Updated: 6:58 AM ET April 4, 2012
What Will Ron Paul Do?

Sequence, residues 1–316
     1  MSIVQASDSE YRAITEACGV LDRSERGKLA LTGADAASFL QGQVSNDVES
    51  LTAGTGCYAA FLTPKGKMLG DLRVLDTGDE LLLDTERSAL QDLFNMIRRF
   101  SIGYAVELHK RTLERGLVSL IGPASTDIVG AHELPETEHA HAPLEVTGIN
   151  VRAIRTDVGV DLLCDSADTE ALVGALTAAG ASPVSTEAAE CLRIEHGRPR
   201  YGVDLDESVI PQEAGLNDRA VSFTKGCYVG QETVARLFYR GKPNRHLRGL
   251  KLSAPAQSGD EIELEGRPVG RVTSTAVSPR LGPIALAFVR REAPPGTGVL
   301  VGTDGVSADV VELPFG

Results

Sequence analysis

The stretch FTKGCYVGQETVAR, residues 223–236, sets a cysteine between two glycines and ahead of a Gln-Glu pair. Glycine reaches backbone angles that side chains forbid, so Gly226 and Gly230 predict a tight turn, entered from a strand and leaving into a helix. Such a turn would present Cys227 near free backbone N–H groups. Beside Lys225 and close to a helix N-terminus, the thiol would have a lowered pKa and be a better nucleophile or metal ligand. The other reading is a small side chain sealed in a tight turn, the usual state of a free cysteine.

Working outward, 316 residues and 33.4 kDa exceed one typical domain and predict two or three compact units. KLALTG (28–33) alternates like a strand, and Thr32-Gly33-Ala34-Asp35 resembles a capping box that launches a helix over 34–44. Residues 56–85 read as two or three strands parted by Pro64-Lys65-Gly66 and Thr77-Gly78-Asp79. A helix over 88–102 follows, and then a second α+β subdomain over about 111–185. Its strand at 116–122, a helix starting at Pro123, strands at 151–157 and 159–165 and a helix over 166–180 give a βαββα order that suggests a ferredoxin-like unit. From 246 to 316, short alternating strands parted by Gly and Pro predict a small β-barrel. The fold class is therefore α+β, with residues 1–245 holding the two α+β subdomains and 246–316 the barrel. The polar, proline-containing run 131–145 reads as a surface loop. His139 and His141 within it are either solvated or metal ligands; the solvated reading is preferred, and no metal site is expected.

By Roger Stone In 1977 as Treasurer of the National Conservative Political Action Committee, I went to Houston Texas to work in the Special Election campaign of Ron Paul, the first time he was elected to Congress. I have long admired his faith in and consistent support of the US Constitution and the proper limits of government. I have also always admired his willingness to go against the grain and sometimes tell the unpopular truth. Congress Paul was a little disingenuous when he told the Washington Post that he would decide about an independent candidacy for President after the votes are counted at the National Republican Convention in Tampa. Congressman Paul knows full well that the Libertarian Party will choose it's likely nominee, former New Mexico Governor Gary Johnson, at their May Convention in Las Vegas. The Libertarian Party nominee will be on the ballot in all 50 states as they were in 2008. Paul has clearly committed himself to attending and participating in the Republican Party Convention in August. Americans Elect will have designated their nominee who could also very well have ballot access in 50 states by June precluding another national ballot position from the Texas Congressman. Ron Paul knows full well that an effort to achieve 50 state ballot access - or anything like it - launched after the Republican National Convention is not legally, organizationally or financially feasible. Even Paul guru Lew Rockwell would admit this. In truth, Congressman Paul had his son's aspirations and place in the Republican establish hierarchy in mind when he decided not to pursue a third-party candidacy in 2012. Rand Paul clear;y has his own Presidential ambitions but a 2016 US Senate re-election and Kentucky's early filing deadline may make this problematic. Here is Ron Paul's dilemma. He cannot endorse Mitt Romney without destroying the very essence of what Ron Paul is - a man of principle rather than a politician playing party ball. Such an endorsement would truly demoralize and enrage many of Ron Paul's supporters and donors. At the same time, Governor Gary Johnson will be calling for the "continuation of the Ron Paul revolution" in the fall election presumably with a Vice Presidential running mate access to funds and / or celebrity. A new PPP poll shows Johnson - who is yet to receive any substantial national media coverage, other than this excellent clip on the Colbert Report is at 7% in a national race with Obama and Romney. A previous PPP poll showed Johnson at 9%, both numbers are within the margin of error. That Johnson has an excellent opportunity with additional media exposure to get to 10% of the vote or more. According to PPP, the votes Johnson receives come disproportionately from Romney, although he does poll 2% from Obama. 39% of Johnson voters would support Romney if Johnson weren't in the picture, while only 18% would go for Obama. When Libertarian candidate Gary Johnson is included, Obama's lead over Romney expands to 7 points at 46-39, with Johnson taking 7%. Gary Johnson can clearly have an impact of the 2012 election. If Johnson gets 5% in 2012, the Libertarian nominee in 2016 will be eligible to get the same $90 million that the Republicans and Democrats get from the Federal Treasury for the General Election. If Johnson and his running mate poll at 15% they would both have to be admitted to the televised presidential debates. Remembering that Congressman Paul and Governor Johnson are the only two candidates who oppose the war in Afghanistan, would truly slash Federal spending and debt, eliminate taxes, kill the Patriot Act, end the expensive and failed "War on Drugs," and would legalize marijuana, it would be hard to Congressman Paul to explain his endorsement of Mitt Romney. The important question really is not "what will Ron Paul do" but "where do Ron Paul voters go?" The Ron Paul voters have disdain for Romney as a big government establishment Republican who is wrong on foreign policy, civil liberties, and economics. It is Gary Johnson's job to attract these voters, and he will. Ron Paul's endorsement of Romney would not wins these votes but Ron Paul's endorsement of Johnson will cement a movement and set the stage for history making. At the same time, Ron Paul's failure to endorse the one candidate who is carrying the torch for his agenda in the name of partisan politics would be hard to fathom.